This, it said, would put Malaysia at a disadvantage in attracting foreign direct investments from countries looking to shift away from China.

Meanwhile, Fitch predicted that politicians would likely resort to populist measures to shore up support.

“(This) could lead to a worsening business environment over time as more protectionist measures are implemented,” it said, citing Pakatan Harapan policies to hike the minimum wage, penalise the hiring of foreign workers, and subsidising the hiring of locals as examples.

It added that political defections could lead to a resurgence of corruption and graft and even bloated governments due to political patronage.

“Against this backdrop, key reforms that could unlock further growth potential in Malaysia are likely to be put off.

“A chief example would be affirmative action policies favouring the ethnic Malay population, which is likely to continue to cause a ‘brain drain’ where talented non-Malay members of the population seek opportunities overseas,” it said, adding that an uneven playing field for government procurement was also an issue.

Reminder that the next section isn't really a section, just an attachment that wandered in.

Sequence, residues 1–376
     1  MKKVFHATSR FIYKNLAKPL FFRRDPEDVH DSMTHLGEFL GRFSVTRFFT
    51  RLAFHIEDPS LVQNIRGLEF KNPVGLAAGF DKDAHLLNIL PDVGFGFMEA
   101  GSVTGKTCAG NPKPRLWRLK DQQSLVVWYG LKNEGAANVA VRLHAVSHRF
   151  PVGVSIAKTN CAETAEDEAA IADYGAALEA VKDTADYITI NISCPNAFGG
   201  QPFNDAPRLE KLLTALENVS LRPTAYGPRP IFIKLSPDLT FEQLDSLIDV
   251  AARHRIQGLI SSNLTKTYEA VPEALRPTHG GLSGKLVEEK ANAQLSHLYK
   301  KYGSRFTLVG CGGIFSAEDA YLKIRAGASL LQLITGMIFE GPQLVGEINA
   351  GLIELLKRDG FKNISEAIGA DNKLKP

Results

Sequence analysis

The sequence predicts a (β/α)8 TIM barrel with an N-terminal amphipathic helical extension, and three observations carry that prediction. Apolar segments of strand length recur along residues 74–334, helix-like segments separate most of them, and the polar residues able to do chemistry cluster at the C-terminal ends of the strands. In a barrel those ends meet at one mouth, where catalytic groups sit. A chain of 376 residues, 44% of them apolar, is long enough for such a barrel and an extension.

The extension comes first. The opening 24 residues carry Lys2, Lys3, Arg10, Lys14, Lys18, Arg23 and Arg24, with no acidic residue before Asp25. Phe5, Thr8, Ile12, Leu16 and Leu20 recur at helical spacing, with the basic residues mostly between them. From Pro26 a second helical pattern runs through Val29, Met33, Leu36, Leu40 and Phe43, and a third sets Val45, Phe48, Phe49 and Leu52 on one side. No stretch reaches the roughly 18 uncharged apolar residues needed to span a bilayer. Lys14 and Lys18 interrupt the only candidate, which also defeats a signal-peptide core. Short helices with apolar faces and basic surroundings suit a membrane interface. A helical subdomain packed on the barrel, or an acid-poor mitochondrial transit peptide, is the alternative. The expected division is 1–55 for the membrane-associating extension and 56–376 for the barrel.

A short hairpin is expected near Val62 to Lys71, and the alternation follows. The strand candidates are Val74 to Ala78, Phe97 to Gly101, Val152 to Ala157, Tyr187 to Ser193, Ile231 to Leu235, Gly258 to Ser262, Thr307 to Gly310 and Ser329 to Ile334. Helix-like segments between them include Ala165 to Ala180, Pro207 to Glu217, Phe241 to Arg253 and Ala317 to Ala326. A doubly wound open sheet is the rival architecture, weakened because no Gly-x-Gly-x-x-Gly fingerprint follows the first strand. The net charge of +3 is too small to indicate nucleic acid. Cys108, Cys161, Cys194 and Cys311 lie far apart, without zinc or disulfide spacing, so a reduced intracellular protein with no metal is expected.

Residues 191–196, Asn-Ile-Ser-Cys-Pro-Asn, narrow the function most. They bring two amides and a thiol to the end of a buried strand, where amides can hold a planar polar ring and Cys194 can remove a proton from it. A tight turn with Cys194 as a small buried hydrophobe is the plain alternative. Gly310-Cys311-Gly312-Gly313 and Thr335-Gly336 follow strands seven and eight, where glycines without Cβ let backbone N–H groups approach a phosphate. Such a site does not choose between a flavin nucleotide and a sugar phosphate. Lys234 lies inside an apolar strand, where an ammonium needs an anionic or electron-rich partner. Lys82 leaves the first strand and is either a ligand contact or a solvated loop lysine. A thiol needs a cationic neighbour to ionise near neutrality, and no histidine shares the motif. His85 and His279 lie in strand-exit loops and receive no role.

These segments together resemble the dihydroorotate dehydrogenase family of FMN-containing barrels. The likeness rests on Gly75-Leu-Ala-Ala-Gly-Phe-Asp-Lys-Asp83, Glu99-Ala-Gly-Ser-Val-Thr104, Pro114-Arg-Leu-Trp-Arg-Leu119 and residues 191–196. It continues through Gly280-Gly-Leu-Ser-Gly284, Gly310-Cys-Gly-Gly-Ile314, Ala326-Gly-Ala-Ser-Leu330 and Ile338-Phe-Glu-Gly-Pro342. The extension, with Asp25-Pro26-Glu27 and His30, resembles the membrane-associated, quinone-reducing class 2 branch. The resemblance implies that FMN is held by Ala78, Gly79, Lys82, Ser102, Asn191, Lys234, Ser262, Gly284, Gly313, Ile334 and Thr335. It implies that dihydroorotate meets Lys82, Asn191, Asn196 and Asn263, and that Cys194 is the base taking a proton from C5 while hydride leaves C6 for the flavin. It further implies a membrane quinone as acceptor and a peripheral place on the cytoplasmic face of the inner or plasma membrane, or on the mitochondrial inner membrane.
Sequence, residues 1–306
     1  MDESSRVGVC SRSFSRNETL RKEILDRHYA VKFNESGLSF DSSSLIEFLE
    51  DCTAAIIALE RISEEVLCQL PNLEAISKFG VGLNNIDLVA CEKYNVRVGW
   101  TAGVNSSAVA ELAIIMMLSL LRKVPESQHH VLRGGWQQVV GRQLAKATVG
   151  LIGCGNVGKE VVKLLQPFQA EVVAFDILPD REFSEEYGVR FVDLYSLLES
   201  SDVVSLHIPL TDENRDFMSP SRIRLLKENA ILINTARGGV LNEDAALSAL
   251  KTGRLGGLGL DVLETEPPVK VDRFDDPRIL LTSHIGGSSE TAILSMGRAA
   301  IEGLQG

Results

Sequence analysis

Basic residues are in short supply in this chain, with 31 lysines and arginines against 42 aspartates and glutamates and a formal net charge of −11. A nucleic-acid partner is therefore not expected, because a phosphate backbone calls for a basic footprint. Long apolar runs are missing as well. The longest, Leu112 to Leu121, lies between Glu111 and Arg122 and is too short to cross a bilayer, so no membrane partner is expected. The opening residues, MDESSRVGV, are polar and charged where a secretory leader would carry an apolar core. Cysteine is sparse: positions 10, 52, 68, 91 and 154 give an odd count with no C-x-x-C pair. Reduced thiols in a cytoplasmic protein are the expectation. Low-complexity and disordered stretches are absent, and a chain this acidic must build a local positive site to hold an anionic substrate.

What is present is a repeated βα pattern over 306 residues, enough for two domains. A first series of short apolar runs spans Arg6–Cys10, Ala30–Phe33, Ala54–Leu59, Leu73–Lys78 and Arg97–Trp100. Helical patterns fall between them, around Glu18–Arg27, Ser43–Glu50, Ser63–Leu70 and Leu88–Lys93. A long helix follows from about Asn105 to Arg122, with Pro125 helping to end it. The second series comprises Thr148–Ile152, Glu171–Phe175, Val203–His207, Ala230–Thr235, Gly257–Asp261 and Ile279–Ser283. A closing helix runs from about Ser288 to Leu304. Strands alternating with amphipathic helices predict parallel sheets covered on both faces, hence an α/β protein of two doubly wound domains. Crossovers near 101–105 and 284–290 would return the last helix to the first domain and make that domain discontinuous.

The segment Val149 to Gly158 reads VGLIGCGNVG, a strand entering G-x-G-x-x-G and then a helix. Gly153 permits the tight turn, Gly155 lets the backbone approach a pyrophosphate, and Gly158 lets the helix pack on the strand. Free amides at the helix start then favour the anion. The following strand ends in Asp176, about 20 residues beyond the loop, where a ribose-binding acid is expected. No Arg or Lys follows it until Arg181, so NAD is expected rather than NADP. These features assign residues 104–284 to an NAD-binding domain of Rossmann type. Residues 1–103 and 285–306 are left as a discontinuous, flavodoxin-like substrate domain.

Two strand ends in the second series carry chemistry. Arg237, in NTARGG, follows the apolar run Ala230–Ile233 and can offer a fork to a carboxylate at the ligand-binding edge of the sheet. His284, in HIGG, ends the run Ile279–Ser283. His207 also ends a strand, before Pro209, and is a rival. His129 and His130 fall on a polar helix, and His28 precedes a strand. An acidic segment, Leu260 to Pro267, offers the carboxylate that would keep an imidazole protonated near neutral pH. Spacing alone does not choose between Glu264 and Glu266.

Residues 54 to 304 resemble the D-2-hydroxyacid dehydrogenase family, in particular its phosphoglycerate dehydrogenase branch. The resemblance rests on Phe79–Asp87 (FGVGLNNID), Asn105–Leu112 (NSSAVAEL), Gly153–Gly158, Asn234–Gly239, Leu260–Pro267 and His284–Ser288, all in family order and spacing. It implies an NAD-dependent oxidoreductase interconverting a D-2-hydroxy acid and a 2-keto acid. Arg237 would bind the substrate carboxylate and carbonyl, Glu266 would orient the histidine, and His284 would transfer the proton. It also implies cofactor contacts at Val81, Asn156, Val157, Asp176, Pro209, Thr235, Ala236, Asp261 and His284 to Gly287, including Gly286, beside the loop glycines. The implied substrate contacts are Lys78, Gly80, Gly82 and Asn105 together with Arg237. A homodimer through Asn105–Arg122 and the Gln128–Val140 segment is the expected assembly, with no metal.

“These race-based policies will be very difficult to address and look set to slow the pace of economic development for the foreseeable future,” it added.

Meanwhile, Fitch forecasts that Malaysia’s active population growth will average 1.0 percent over the next decade, compared to 2.3 percent over the past 10 years. This too will result in slower real GDP growth.

Additionally, it said the government also has less fiscal space to manoeuvre with if there are further negative economic shocks,

This is weighed by growing public debt, including debts guaranteed by the government “exceeds 80 percent of GDP” and is growing steadily.

“Furthermore, populist appeals to the population is likely to include regular cash handouts over the coming years, which would further limit available resources to support the economy during leaner times,” it said. MKINI